Adobe is releasing updates today to address a <a href="http://www.pcworld.com/businesscenter/article/222098/adobe_flash_hit_with_zeroday_exploit.html">critical zero-day flaw</a> in Flash Player--and the authplay.dll element used in Adobe Reader and Adobe Acrobat--that was announced last week. Time to get patching.
Stories by Tony Bradley
Microsoft has taken legal action against Barnes & Noble, and its Android manufacturing partners, with both the International Trade Commission and the US District Court of the Western District of Washington.
The Rustock botnet--one of the most prolific sources of spam -- has gone silent. Microsoft worked with security vendors and the civil court system to pull the plug on Rustock. Some security experts question, though, if the absence of Rustock will have a significant impact on spam volume, or whether we have truly heard the last of Rustock, or if it is just dormant for a while.
Research in Motion (RIM) officially announced plans for a free cloud-based BlackBerry Enterprise Server (BES) for customers using Microsoft's Office 365. The free BES from the cloud -- hosted by RIM -- will enable IT admins to monitor and maintain BlackBerry devices while letting RIM handle the tedium of the backend infrastructure.
Internet Explorer 9 is officially here. But, IE9 is only compatible with Windows 7 and Windows Vista, so two-thirds of the PCs in the world can't take advantage of it.
Throughout the beta testing phase of Internet Explorer, and the days and weeks leading up to its official launch, much has been made of the blazing performance of IE9's hardware accelerated graphics, and the overall immersive experience of the new browser. Another facet of IE9, though -- which has received less attention -- is the improved security of the browser. Here are four features of IE9 that make it safer and more secure:
Seagate has unveiled new models of its Pulsar line of solid state drives (SSD) -- delivering performance, endurance, and reliability that business can trust. The new drives bring the benefits of SSD to organizations with demanding data storage needs.
Internet Explorer 9 will be officially available Monday, March 14. Microsoft has a dominant, but dwindling stake in the overall browser market, led by Internet Explorer 8. The reality, though, is that there is virtually no chance that Internet Explorer 9 will be as successful as IE8.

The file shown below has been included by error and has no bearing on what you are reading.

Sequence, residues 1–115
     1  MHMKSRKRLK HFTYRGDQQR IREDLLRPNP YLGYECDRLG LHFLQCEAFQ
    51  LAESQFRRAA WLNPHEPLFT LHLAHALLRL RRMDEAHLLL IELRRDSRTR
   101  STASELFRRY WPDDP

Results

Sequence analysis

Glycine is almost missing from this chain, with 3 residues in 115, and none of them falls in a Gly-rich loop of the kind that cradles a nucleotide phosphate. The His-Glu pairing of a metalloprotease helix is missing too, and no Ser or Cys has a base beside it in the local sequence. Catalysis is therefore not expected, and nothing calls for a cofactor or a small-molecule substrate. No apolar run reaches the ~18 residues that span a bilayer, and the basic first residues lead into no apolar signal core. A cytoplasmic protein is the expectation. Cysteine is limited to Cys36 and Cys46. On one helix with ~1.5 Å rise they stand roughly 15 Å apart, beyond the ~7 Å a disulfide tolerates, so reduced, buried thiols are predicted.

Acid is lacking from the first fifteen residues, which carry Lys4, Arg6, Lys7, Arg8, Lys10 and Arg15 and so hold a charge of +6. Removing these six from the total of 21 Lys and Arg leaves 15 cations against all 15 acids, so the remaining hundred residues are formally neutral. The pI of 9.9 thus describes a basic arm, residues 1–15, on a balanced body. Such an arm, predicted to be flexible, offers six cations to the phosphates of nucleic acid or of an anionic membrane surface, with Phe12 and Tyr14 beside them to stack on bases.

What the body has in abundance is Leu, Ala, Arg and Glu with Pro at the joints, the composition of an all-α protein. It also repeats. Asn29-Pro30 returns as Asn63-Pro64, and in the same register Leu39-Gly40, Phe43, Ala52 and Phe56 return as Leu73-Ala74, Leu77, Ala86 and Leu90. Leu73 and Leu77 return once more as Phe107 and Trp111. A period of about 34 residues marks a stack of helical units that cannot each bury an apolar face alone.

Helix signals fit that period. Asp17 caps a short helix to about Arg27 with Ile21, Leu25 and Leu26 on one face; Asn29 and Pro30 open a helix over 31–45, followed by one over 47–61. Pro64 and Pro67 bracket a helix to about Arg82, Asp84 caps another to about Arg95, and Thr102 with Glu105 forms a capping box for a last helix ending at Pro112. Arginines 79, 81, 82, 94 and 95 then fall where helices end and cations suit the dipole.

It's official. Internet Explorer will be officially launched as of Monday, March 14. Whether you are using Internet Explorer 8, or you're one of the dwindling stubborn few clinging to IE6, or even if you are using an alternative browser like Chrome or Firefox -- here are some reasons you might want to start using IE9.
With the launch of the Motorola Xoom, and impending arrival of the BlackBerry PlayBook, HP TouchPad, and a plethora of other tablets, the competition is mounting for the Apple iPad. However, a survey from ChangeWave finds that the dominance of Apple's iPad is assured for the foreseeable future.
Have you been watching the tablet frenzy, but sitting idly by waiting for a tablet that can run Windows? Well, you could be one of the few people in the world with an HP Slate 500, or you can wait for other Windows tablets to hit the market. Better yet, buy yourself an original iPad on clearance for $400 and use the new VMware View app for iPad to run Windows virtually.
PDF files are one of the most common, and most trusted document formats out there. However, that trust, combined with the cross-platform use of PDFs makes the Adobe file format one of the most targeted and exploited by malicious attacks as well.
Guess what today is? Yes, it is Fat Tuesday--the official kick off of Mardi Gras.
The Android world is still reeling from the DroidDream invasion of the Android Market. Google has flipped the kill switch to wipe out apps associated with DroidDream, but the work of investigating how this Android Trojan infiltrated Google, and how to prevent similar attacks in the future is just beginning.
Cisco unveiled new unified communications products this week. The new UC offerings are designed to take Cisco out of its large enterprise comfort zone and deliver solutions for small and medium businesses. These products might be suitable for SMBs, but they miss the mark when it comes to unified communications.